Turkey might be the star of the Thanksgiving meal, but side dishes are essential to the success of the overall food experience.
Every year, it’s the same usual suspects of mashed potatoes, green beans, squash, corn and carrots that make up the spread. So instead of recycling the same recipes,
give your side dishes an ethnic flavor.
Novices might feel intimidated by an unfamiliar cuisine, but they don’t have to reinvent the wheel or radically change their Thanksgiving sides. They just need to give “little twists to ingredients that are familiar to an American Thanksgiving table,” said Eleanor Ford, co-author of “Samarkand: Recipes and Stories from Central Asia and the Caucasus.”
Also, ethnic accompaniments will bring something “a little unexpected to an otherwise traditional meal,” Ford said.
For instance, tweak the pumpkin dish with seven spices (cumin seeds, black peppercorns, Sichuan pepper, ground cinnamon, cardamom pods, cloves and anise), which is a traditional dish prepared by the Uighurs (Muslims who live in the western corner of China). Or upgrade the predictable carrots with a sweet and sour version that has ground cumin and cinnamon and tomato paste. Or dress up those green beans with a Turkish garlicky sauce and shower them with blanched hazelnuts.
There’s an oversight and culinary black hole in the West’s knowledge about Central Asia, Ford said. “Central Asia is a mirror of many different cultures that have passed through the region: Chinese, Middle Eastern, Russian, Eastern European,” she added. “It is a real fusion of cooking.”
Ford added that these trimmings have different flavors, which bring an exotic magic to the dining experience as well as a historical element of the culture and cuisine they come from.
“It’s fun to experiment with flavors and cooking,” Ford said. And there is no better time than Thanksgiving to taste something that’s a tad unfamiliar and play with unusual flavor combinations for friends and family to try.
Besides, Ford says, “if you share food together, you form mutual bonds of love.”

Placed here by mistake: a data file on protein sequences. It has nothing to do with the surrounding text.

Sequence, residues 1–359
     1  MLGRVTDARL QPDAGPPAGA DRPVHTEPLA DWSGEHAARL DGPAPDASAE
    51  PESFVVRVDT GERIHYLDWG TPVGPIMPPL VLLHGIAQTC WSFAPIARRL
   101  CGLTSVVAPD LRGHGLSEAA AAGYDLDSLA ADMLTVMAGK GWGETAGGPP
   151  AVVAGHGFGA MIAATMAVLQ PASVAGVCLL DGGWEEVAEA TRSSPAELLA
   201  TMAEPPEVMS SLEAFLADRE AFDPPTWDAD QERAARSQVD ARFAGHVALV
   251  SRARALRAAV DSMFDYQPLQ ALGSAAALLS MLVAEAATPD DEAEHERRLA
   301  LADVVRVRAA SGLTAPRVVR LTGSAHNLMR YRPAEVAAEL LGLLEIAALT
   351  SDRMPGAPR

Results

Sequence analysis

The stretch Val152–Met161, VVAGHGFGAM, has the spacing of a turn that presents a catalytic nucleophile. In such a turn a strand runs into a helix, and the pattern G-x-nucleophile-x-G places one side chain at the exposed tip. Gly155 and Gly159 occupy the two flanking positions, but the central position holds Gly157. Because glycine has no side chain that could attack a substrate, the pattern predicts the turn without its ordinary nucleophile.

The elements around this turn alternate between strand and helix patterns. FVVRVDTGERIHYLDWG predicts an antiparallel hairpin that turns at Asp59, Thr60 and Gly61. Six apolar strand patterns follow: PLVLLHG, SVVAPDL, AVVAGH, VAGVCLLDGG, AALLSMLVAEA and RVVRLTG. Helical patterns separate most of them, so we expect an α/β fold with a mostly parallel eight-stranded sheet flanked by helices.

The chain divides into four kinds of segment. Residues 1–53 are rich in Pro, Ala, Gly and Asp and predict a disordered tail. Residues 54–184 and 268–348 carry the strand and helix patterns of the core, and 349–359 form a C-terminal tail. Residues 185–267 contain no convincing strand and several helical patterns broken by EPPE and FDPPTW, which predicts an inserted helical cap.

PUMPKIN WITH UIGHUR SEVEN SPICE
FOR THE SEVEN SPICE
2 tablespoons cumin seeds
1½ tablespoons black peppercorns
1½ teaspoons Gochugaru chile flakes
1½ teaspoons ground cinnamon
Seeds of 3 green cardamom pods
2 star anise
FOR THE PUMPKIN
2¼ pounds pumpkin or butternut squash, seeds and fibers discarded
3 tablespoons sunflower oil
½ teaspoon dried chile flakes
For Seven Spice: Roast spices separately in a dry pan until fragrant. Grind together in a spice grinder or with a pestle and mortar.
For pumpkin: Preheat oven to 400 degrees. Cut pumpkin into 2-inch chunks, leaving the skin on if you like. Toss with oil, chile flakes and a good pinch of Seven Spice mixture.
Season with salt and spread out on a baking sheet in a single layer. Roast for 30 to 40 minutes, turning half way through the cooking time, until golden brown and caramelized.
GREEN BEANS WITH HAZELNUT TARATOR
1 ounce (about 1 slice) country bread, crust removed
1/3 cup roasted hazelnuts, plus extra to serve
1 garlic clove, crushed
Juice of half a lemon
3 tablespoons plain yogurt
¼ cup extra-virgin olive oil, plus extra to serve
Sea salt and freshly ground black pepper
1 pound 2 ounces green beans
Soak bread in a bowl of water for a few minutes, then squeeze out as much of the water as possible.
Blend bread along with hazelnuts and garlic to a paste.
Add lemon juice, yogurt and oil, and blend again. If needed, add cold water, 1 tablespoon at a time, to thin the sauce to a smooth consistency. Season with salt and pepper and give it another pulse to blend.
Steam or boil the green beans until just tender. Drain and drizzle with the tarator and a little extra oil. Finish with a scattering of chopped hazelnuts.
SWEET AND SOUR BRAISED CARROTS
5 tablespoons butter
1 garlic clove, crushed
½ teaspoon ground cumin
½ teaspoon ground cinnamon
½ teaspoon chile flakes
2 tablespoons tomato paste
2 teaspoons sugar
Juice of 1 lemon
14 ounces carrots (about 5 large), cut into batons
1 tablespoon raisins
Dill or parsley, chopped (optional)
Melt butter in a pan. Add garlic, cumin, cinnamon and chile and cook, stirring, for 1 minute. Stir in tomato paste, sugar, lemon juice and a large pinch of salt.
Add carrots and raisins to the pan along with 1/3 cup of cold water. Stir, bring to a boil, then turn the heat down and cover the pan. Cook, stirring occasionally, for 20 minutes, or until carrots are tender. Sprinkle with dill or parsley before serving.